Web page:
This article throws light upon the top five functions of ‘Cost Audit’ Aids Management. The functions are: 1. As an Aid to Decision-Making 2. As an Aid to Management Information System 3. As an Aid to Determination and Co-Ordination of the Company’s Activities 4. As an Aid to other Kinds of Services 5. As an Aid to the Productivity Audit.
Functions of ‘Cost Audit’ Aids Management:
As an Aid to Decision-Making
As an Aid to Management Information System
As an Aid to Determination and Co-Ordination of the Company’s Activities
As an Aid to other Kinds of Services
As an Aid to the Productivity Audit
‘Cost Audit’ Aids Management: Function # 1.
As an Aid to Decision-Making:
Though decision-making has been defined as choosing from among alternative courses of action, actually it involves identification and diagnosis of the problem as a fundamental step before proceeding on to the other steps, such as developing alternatives, their analysis and evaluation, and selection of the best or most suitable alternative.
Often past acts and omissions, predetermined objectives, and environmental consideration set the stage for present decision-making.
The Statutory Cost Audit:
(a) Through its audited cost statements, reveals not only the cost information but also the operational statistics for each of the system (e.g. production function, services function, etc.) and sub-system (e.g. production-process cost centre, utility centre- power, water etc.) for the current year and deviations thereof from the previous year and/or standards; and
(b) Through its report, highlights the variations in production and input consumption and suggests areas for improvements in performances (e.g. production imbalances, key limiting factors causing production bottle-necks, etc.); and thereby identifies the problem areas for diagnostic studies by the management for the purposes of arriving at decisions.
It should, of course, be borne in mind that the cost audit is of no aid to management when different alternatives are to be evaluated in terms of intangible factors, like risks involved, employee morale, public relations, industrial relations and so on.
‘Cost Audit’ Aids Management: Function # 2.
As an Aid to Management Information System:
The following information in ‘cost’ terms and/or in the form of ‘ratios’— Financial position (Capital employed, Net worth, Profit before tax, Ratios of operating profit to capital employed/net sales, Net worth to capital employed/long term borrowing and liabilities, production cost to capital employed/working capital);
a. Production (capacity addition, capacity planning and capacity utilisation);
b. Raw materials (consumption per unit of output and variance analysis with reference to standards or previous years) ;
c. Stores, power and fuel (consumption per unit of production and variance analysis with reference to standards/previous years) ;
d. Wages and Salaries (classified into direct labour costs on production, indirect employee costs on production, administration, selling and distribution, total man-days of direct labour used against availability, variance analysis as compared to previous years, impact of incentive schemes on production, productivity and cost effectiveness) ;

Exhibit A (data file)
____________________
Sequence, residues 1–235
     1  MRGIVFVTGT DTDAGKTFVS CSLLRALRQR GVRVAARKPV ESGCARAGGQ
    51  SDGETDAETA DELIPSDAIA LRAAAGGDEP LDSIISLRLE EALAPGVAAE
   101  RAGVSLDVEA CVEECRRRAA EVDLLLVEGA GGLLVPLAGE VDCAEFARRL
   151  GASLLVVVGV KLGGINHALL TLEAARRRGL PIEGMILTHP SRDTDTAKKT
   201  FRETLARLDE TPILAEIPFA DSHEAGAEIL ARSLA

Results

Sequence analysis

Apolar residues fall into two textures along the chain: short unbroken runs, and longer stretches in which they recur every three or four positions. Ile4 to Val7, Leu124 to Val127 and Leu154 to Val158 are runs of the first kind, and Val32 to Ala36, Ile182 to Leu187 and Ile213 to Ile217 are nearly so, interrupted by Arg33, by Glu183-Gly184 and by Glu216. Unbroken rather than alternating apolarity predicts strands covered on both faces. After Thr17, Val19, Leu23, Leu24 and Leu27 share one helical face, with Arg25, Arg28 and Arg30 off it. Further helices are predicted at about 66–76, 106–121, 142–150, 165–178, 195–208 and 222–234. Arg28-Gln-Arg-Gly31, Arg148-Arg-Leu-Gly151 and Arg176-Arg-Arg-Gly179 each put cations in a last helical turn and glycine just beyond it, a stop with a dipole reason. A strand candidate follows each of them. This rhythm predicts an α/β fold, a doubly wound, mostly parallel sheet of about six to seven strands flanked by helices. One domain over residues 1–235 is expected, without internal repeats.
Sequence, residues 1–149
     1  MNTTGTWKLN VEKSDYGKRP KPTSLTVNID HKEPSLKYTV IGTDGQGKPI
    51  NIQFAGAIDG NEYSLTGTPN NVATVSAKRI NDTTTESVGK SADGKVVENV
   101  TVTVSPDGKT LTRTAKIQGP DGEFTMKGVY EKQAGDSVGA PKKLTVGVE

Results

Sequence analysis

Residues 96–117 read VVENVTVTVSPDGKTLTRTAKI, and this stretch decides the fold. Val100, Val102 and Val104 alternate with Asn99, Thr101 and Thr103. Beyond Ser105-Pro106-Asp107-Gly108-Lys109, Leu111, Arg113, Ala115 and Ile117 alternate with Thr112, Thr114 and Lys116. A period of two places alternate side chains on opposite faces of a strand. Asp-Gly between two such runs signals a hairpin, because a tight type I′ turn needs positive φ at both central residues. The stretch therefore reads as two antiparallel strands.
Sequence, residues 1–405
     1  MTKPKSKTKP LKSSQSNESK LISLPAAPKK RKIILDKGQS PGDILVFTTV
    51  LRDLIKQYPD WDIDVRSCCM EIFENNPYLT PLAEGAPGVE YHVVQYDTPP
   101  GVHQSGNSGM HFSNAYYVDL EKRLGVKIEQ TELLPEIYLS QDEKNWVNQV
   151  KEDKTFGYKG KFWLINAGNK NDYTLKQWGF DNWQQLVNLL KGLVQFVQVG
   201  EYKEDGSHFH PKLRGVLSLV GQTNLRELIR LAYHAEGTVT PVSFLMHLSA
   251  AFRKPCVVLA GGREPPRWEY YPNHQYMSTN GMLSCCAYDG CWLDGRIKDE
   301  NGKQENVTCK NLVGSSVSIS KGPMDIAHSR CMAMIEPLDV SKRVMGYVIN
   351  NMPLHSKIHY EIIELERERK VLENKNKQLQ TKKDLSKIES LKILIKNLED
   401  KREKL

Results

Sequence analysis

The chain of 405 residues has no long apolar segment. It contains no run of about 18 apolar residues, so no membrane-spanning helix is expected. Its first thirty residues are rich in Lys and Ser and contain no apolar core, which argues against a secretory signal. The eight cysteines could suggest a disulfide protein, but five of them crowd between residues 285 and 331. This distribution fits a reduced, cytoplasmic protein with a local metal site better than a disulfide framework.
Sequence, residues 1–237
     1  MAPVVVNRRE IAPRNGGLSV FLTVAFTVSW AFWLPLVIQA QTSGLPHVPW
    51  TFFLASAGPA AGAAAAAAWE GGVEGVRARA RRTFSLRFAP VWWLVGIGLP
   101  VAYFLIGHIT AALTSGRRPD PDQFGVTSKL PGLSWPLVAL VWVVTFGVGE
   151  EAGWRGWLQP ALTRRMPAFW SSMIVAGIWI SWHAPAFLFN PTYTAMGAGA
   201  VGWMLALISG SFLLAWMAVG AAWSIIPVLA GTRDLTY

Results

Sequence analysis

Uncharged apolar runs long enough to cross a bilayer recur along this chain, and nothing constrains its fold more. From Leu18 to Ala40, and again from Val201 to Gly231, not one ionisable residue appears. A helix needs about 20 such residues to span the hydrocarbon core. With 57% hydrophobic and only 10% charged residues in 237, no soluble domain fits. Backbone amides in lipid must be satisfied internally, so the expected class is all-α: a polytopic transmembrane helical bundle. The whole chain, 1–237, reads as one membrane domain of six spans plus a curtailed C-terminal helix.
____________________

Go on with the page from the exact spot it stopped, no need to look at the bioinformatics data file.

e. Total amounts of overheads of various types and variance analyses thereof as compared to previous years;
f. Average sales realisation—aggregate and per unit; and
g. Cost auditor’s observations and conclusions (as an independent outsider) particularly on funds management, production facilities utilisation, cost reduction areas, productivity improvement areas, identification of key limiting factors causing production hold-ups, etc., based on the verified data aids the various levels of operational management in designing of plans and strategies for the future.
‘Cost Audit’ Aids Management: Function # 3.
As an Aid to Determination and Co-Ordination of the Company’s Activities:
The ‘audited’ cost statements for various cost centres relating to production, utilities and services research and development aid the management to determine the cost effectiveness of the activities performed both from the aspects of quality and quantity. These statements reveal to them the degree of cohesiveness and co-ordination existing in the functional managements’ activities.
‘Cost Audit’ Aids Management: Function # 4.
As an Aid to other Kinds of Services:
The management of any company, in the context of various economic legislations, requires from time to time the ‘certificates’ from a cost accountant on certain specific areas of activities—For example, Drugs (Prices Control) Order, Import Trade Control, Central Excises, Export Drawbacks, etc.
The audited cost accounting records and cost statements provide a basis for authentication of those certificates, and simplify the work of the concerned Govt. departments.
‘Cost Audit’ Aids Management: Function # 5.
As an Aid to the Productivity Audit:
Any conscious management is serious about the performance and productivity of their company.
The audited statistical data, such as available machine hours, actual machine hours utilised with reasons for stoppages under classified headings, material yield with information on waste/scrap/salvaging operations, production per machine hour/labour hour, etc., and a host of information so generated assist the management directly towards productivity measurement and introducing productivity audit even by themselves.
Here, the internal (cost) auditor of a company can judiciously analyse the information and present his valuable audit suggestions to the various levels of management for productivity and efficiency improvement.